High blood pressure: Three foods that may ‘reduce’ the harm of salt in the diet – study
High blood pressure: Lifestyle changes to reduce reading
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High blood pressure is a silent condition that sets the stage for grave cardiac events like stroke and heart attack. It is estimated to affect over a quarter of adults in the UK, putting millions in harm’s way. Fortunately, the consumption of certain foods may substantially lower these risks, a new study has confirmed.
The new findings, published in the journal of the European Society of Cardiology, have suggested that women who eat bananas, avocados and salmon can reduce the negative effects of salt in the diet.
Although bananas are touted as one of the top sources of potassium, other good sources include apricots, prunes, orange juices, squash and potatoes.
Study author Professor Liffert Vogt of Amsterdam University Medical Centres, in the Netherlands, said: “Health advice has focused on limiting salt intake but this is difficult to achieve when our diets include processed foods.
“Potassium helps the body excrete more sodium in the urine. In our study, dietary potassium was linked with the greatest health gains in women.”
For the study of more than 24,000 patients, aged around 59 years old, volunteers were asked to fill out questionnaires assessing lifestyle habits.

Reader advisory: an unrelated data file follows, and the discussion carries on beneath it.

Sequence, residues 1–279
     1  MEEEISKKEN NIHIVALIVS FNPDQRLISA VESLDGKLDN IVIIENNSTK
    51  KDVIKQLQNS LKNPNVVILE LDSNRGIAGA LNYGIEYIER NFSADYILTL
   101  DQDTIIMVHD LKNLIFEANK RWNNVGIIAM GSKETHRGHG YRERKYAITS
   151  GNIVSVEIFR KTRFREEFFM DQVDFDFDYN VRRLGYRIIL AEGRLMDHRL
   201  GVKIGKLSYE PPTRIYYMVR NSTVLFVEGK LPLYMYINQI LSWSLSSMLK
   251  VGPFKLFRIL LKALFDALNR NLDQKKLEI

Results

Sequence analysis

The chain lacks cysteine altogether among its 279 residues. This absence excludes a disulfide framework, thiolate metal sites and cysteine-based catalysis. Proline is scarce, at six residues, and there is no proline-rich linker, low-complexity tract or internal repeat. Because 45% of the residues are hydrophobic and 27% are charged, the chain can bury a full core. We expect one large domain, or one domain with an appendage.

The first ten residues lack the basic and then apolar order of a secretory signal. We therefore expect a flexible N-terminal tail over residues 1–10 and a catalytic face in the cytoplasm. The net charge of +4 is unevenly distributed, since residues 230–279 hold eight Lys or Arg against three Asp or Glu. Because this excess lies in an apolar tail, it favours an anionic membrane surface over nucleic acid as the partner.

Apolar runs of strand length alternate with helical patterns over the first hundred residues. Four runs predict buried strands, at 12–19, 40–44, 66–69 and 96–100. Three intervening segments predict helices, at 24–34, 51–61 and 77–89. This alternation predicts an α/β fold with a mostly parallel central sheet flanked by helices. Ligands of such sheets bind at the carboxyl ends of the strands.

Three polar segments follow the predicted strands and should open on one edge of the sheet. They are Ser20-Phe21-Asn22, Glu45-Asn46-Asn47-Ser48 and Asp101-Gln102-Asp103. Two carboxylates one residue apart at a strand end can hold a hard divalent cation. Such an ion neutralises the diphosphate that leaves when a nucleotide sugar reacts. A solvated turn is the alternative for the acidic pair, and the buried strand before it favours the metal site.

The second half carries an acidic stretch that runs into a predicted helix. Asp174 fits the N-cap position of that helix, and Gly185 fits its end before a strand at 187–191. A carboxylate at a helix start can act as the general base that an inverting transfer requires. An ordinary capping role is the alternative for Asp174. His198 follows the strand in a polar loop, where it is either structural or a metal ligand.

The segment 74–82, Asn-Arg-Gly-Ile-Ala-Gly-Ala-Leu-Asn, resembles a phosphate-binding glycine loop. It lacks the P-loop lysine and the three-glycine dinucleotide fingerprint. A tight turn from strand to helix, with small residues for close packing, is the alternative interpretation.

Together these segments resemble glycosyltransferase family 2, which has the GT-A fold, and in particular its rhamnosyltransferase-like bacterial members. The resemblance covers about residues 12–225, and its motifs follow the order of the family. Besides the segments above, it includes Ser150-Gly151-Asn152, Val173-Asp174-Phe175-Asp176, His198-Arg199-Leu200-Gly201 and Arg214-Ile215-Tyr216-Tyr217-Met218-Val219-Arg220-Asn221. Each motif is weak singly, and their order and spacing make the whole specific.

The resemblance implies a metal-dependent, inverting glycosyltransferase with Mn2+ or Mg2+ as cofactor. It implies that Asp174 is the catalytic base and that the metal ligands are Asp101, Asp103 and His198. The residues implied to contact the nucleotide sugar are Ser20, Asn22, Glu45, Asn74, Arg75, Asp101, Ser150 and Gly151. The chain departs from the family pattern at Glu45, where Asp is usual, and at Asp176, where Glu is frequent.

Blood pressure was thereafter measured and blood samples were collected to help estimate dietary intake of sodium and potassium.
Participants were regrouped into three tertiles based on their sodium and potassium intake.
The results of the analysis revealed that as the intake of potassium increased, blood pressure dropped.
“When the association was analysed according to sodium intake, the relationship between potassium and blood pressure was only observed in women with big sodium intake,” explains Eurekalert.
In fact, every one gram increase in daily potassium was associated with a 2.4 mmHg lower systolic blood pressure.
In men, however, researchers found no evidence of a link between potassium intake and blood pressure.
Previous research has shown that potassium lowers blood pressure by helping ease tension in the blood vessel walls.
Professor Vogt added: “The results suggest that potassium helps preserve heart health, but that women benefit more than men.
“The relationship between potassium and cardiovascular events was the same regardless of salt intake, suggesting that potassium has other ways of protecting the heart on top of increasing sodium excretion.”
The study author concluded: “Our findings indicate that a heart-healthy diet goes beyond limiting salt to boosting potassium content.
“Food companies can help by swapping standard sodium-based salt for a potassium salt alternative in processed foods.
“On top of that, we should all priorities fresh, unprocessed foods since they are both rich in potassium and low in salt.”
The findings chime with previous studies which show that a higher intake of dietary potassium is linked with a 38 percent lower likelihood of hypertension.
Alongside blood pressure control, potassium is also necessary for the normal functioning of several other cells too.
It regulates the heartbeat, ensures the proper function of the muscles and nerves, and helps synthesise protein and metabolise carbohydrates.
To top up potassium levels, experts recommend consuming more foods like fruits and vegetables. Supplements should never be taken without a prescription from a doctor.
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